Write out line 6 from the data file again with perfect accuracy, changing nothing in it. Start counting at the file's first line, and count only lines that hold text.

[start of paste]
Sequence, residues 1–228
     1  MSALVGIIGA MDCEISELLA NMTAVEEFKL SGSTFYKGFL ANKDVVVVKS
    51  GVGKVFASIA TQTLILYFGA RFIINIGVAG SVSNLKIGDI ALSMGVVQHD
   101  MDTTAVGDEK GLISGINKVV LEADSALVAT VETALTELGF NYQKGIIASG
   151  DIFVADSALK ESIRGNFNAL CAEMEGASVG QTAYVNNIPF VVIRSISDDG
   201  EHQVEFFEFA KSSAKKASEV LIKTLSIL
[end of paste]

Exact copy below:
   201  EHQVEFFEFA KSSAKKASEV LIKTLSIL